The Olympics produced Joyce, Usyk and Joshua. But boxing more than ever needs these Tokyo Games to be a success. John Dennen explains

THE first names Joe Joyce called for, after his victory over Carlos Takam on Saturday, were Anthony Joshua and Oleksandr Usyk. He knows them both well enough. He boxed Joshua as a raw amateur 10 years ago. He’s also gone five rounds with Usyk in the quasi-pro World Series of Boxing format at York Hall. Renewing hostilities with either man as a high level professional makes sense. It’s certainly what Joyce wants.

But you don’t always get what you want, when you want it. Joshua and Usyk’s own excellent heavyweight clash is set for September 25. If Usyk were to win, a rematch would almost inevitably follow in 2022. If Joshua defends his position, anticipation will once against build for him to put a fight together with great British rival Tyson Fury. Those talks had started, intensified and failed earlier this year. Perhaps they can be revived, but there’ll be no substantive progression until Fury completes his trilogy with Deontay Wilder in October.

Joyce deserves a showdown with one of the big names. He beat Daniel Dubois last year and was Boxing News’ seventh ranked heavyweight contender going into this fight with Takam. He’s also shored up his position with the WBO sanctioning body. He’ll be the mandatory for their belt, which Joshua currently holds, after Usyk. But it’ll be a long time before the WBO order that mandatory challenge and by then Joshua could even have vacated their belt. The most important thing has to be matching the two leading heavyweights, Joshua and Fury, against one another, regardless of the status of the sanctioning body belts.

That might leave Joyce on the outside looking in. But there’s no shortage of intriguing opposition as he rumbles towards the upper echelons of the heavyweight division. With his style and his propensity to take a shot on the way to unleashing a barrage of his own punches, he’ll provide compelling action whoever takes him on.

It’s worth noting that the professional success of this trio of leading heavyweights is underpinned by their Olympic experience. Anthony Joshua won the super-heavyweight gold medal on the last day of London 2012, a star-making event. Oleksandr Usyk became Olympic champion at 91kgs at the same Games. Joyce came through at the following Olympics. His Rio 2016 silver medal and his vast experience of major international tournaments have helped him move so quickly in his rise through the professional ranks. Boxing needs the Olympics, and needs to be in the Olympics, to create those stars of the future as well as for the long-term health of the sport. But that is not necessarily a given.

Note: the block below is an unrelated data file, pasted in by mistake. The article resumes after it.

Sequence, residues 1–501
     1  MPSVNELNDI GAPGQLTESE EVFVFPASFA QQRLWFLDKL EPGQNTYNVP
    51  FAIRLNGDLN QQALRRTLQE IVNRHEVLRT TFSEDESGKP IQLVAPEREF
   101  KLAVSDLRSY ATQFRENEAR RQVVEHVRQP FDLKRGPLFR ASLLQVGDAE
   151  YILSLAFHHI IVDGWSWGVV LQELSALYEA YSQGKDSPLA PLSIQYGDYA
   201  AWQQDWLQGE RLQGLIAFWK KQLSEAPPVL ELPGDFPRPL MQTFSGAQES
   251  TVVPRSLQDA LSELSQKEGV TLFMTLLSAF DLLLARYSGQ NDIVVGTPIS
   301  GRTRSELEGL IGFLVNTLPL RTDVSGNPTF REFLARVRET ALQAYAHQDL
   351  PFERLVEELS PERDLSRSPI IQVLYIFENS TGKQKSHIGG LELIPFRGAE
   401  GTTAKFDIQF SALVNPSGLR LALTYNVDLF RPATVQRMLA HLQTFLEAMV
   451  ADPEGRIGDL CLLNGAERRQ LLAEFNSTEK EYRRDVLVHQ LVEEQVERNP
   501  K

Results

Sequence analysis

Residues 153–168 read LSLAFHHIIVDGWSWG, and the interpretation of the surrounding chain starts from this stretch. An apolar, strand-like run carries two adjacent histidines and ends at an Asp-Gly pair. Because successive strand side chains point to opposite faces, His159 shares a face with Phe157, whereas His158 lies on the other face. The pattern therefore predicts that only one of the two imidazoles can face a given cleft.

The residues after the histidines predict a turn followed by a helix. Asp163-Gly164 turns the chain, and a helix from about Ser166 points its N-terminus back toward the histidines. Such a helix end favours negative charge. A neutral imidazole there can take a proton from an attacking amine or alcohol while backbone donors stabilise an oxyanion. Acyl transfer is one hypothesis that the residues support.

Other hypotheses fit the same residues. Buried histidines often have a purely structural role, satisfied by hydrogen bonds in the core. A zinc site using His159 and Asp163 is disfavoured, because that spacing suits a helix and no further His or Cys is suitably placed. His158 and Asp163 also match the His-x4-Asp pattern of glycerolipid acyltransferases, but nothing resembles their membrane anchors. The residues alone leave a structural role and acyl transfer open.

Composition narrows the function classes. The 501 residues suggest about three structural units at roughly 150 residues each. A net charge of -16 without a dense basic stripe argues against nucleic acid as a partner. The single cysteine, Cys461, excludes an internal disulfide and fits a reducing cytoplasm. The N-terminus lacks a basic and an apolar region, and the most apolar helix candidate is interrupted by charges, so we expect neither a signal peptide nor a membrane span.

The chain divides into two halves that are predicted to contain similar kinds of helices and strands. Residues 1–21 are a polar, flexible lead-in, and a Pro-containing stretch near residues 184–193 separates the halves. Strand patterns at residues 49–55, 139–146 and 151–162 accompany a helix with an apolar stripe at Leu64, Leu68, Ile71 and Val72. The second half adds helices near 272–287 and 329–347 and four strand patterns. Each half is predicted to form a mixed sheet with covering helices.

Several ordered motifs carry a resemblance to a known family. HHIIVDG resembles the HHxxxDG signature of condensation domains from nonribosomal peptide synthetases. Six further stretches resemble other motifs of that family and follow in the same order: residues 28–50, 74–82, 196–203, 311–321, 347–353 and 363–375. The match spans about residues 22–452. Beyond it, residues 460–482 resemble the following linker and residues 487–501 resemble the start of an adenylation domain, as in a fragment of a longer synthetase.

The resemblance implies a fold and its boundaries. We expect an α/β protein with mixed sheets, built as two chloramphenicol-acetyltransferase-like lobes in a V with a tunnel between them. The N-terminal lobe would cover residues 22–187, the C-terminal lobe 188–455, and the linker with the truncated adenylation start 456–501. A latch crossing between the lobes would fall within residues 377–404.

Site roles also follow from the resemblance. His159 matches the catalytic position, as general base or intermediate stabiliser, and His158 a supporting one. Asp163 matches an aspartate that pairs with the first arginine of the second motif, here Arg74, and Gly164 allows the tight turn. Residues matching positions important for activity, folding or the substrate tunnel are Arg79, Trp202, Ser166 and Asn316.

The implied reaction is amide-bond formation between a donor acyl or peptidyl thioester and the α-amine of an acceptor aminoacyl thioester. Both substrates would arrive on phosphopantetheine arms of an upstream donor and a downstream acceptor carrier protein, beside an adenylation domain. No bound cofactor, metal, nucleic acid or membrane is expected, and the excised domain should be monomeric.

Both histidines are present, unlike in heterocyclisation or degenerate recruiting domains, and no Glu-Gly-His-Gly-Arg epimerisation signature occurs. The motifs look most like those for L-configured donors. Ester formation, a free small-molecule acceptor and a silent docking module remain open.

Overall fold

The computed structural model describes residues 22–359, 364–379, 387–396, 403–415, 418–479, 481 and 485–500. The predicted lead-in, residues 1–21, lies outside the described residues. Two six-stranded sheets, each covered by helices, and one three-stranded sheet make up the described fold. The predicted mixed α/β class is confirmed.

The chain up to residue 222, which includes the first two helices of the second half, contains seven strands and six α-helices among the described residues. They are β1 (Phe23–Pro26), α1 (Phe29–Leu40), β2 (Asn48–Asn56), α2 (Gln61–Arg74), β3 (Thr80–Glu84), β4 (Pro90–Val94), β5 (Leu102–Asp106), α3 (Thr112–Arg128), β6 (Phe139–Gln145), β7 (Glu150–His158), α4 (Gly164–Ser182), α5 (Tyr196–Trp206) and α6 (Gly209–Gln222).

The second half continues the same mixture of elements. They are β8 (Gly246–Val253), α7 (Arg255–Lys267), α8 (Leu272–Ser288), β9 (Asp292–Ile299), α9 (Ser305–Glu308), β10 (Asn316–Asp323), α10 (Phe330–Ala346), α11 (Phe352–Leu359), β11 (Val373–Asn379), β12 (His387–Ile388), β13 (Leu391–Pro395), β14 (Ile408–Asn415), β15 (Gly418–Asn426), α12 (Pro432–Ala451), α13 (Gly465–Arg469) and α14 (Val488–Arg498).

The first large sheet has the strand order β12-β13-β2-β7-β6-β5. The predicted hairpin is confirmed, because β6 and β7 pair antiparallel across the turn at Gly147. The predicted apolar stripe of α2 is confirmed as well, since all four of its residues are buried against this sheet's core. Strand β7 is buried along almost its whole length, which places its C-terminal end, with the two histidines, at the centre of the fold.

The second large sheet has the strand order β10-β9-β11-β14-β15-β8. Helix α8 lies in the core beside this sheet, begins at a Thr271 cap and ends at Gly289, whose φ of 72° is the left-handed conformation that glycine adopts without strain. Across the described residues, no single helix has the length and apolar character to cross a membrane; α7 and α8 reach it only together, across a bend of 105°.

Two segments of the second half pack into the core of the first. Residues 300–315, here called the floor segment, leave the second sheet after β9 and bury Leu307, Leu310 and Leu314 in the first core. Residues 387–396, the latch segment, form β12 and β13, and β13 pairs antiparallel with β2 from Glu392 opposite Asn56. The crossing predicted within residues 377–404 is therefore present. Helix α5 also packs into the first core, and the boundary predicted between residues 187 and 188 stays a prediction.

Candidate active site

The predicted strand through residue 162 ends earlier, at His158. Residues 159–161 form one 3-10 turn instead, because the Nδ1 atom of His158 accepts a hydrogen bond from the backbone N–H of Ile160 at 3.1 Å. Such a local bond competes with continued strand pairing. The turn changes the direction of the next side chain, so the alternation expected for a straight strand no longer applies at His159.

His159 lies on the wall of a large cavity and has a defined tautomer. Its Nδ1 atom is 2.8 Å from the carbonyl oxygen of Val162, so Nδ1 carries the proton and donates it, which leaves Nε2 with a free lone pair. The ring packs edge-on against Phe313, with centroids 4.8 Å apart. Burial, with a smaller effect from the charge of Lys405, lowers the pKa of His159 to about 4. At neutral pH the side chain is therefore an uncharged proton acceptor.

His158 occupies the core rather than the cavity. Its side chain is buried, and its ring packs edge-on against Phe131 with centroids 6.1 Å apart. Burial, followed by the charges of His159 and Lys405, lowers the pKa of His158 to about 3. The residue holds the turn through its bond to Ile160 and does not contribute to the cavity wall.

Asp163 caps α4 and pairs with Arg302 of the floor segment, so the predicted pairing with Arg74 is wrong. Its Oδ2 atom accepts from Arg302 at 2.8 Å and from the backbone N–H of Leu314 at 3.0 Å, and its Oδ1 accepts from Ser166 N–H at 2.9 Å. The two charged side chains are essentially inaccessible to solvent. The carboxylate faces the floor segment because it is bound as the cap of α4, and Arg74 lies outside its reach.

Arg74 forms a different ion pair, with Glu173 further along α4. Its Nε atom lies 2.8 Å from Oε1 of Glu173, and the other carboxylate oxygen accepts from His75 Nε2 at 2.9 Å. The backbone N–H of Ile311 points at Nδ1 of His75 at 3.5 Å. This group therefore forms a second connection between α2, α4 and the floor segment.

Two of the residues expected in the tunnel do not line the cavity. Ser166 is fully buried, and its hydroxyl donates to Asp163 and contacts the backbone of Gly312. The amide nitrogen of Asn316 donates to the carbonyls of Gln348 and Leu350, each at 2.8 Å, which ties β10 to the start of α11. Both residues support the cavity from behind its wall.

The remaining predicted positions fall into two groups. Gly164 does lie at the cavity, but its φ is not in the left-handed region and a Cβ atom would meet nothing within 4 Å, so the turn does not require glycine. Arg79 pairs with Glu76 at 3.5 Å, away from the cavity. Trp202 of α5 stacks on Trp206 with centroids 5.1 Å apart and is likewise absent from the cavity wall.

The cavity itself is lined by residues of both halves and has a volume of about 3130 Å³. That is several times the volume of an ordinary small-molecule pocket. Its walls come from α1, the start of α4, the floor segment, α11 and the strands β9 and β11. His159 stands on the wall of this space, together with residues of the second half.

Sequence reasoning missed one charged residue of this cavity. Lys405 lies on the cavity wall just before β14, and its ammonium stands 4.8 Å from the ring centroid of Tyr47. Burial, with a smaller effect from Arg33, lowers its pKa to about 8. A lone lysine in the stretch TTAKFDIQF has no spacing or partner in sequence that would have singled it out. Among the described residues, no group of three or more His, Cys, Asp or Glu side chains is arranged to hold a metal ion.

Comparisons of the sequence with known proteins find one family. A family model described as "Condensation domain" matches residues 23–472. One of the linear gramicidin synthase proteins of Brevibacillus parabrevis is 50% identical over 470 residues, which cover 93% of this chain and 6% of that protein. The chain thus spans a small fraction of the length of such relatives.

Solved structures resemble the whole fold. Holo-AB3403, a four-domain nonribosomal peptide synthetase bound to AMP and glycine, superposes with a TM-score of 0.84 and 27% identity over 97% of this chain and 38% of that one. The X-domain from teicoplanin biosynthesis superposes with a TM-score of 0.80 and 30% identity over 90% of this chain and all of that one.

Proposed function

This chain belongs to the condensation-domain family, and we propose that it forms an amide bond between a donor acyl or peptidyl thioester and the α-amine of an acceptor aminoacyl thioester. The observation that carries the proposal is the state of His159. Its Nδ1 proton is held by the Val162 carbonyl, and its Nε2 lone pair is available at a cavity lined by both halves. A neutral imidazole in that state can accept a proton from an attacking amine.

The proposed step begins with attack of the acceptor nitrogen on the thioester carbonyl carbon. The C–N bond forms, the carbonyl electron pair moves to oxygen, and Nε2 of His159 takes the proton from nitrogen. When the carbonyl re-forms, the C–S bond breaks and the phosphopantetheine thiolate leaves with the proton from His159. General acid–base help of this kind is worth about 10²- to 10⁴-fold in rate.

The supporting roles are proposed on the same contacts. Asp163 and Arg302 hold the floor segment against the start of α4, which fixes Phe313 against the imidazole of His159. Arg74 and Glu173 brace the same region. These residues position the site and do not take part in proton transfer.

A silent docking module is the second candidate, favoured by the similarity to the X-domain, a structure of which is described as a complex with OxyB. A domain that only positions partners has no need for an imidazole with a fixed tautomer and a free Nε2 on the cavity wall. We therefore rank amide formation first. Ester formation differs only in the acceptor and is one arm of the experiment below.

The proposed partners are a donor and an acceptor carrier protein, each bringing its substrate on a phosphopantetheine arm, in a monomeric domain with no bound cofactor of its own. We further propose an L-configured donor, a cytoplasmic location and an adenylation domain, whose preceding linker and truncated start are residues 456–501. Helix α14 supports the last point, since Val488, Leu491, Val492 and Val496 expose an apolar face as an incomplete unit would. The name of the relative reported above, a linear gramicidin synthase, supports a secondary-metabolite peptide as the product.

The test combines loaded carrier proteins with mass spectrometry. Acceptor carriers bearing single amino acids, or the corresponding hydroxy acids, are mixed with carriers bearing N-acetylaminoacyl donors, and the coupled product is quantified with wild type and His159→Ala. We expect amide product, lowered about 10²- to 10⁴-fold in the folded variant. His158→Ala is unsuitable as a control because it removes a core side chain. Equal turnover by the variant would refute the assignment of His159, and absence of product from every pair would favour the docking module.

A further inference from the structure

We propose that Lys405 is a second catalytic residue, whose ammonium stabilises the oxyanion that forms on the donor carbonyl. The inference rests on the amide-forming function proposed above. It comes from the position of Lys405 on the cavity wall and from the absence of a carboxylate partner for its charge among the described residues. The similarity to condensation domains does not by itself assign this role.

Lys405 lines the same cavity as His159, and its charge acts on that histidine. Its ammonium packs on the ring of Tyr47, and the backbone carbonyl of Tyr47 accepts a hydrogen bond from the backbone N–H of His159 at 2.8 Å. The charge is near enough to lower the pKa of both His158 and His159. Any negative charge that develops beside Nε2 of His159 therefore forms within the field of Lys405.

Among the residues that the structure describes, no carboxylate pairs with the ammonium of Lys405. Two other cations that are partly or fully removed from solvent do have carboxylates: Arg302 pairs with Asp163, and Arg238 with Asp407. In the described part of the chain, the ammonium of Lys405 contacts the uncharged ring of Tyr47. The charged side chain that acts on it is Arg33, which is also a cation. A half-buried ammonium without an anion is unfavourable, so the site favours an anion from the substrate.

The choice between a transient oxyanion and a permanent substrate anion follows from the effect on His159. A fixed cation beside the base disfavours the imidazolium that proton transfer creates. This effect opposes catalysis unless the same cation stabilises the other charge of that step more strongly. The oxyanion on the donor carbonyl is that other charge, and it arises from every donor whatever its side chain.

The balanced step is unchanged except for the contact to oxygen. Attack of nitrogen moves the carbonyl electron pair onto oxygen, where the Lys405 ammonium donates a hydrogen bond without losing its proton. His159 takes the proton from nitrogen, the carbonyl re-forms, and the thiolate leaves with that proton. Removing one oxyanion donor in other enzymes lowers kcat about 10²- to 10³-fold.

Joyce’s loss to Tony Yoka in the super-heavyweight final in Rio was just one of many judging controversies that marred the 2016 Olympics. The amateur sport is in such a parlous state, and governing body AIBA in such need of reform, that for these Tokyo Games the International Olympic Committee (IOC) has suspended AIBA and appointed an independent Boxing Task Force (BTF) to run this Olympic tournament. It’s an open question as to what will happen for future editions of the Games. It won’t just be considerations of what weight divisions, and how many of them, will be available at the Paris Games in 2024. Boxing’s long term future as an Olympic sport has been called into doubt.

Ominously, before the tournament got underway in Tokyo, Kit McConnell, the IOC sports director, said, “The next two weeks are about what happens here, it’s about the boxers. The wider question of the future we will look at after these Games. The role of the BTF has been to deliver the qualifiers and the event here in Tokyo. That’s the focus of the entire team for now, then it’s a separate question for the IOC with regards to the future of boxing. We have always said we will do that after Tokyo and not mix the two processes. Let’s focus on the ring and these incredible athletes and incredible young people for the next two weeks.”

The hope must be that by the end of the Tokyo Games, instead of discussing dodgy decisions and possible corruption, that the action will be the big story, that how good an Olympic boxing tournament can be and what this sport actually brings to the Games will be the focus. The boxing in Tokyo has to be a success. The whole sport needs it to be.

Matt Christie will be back next week



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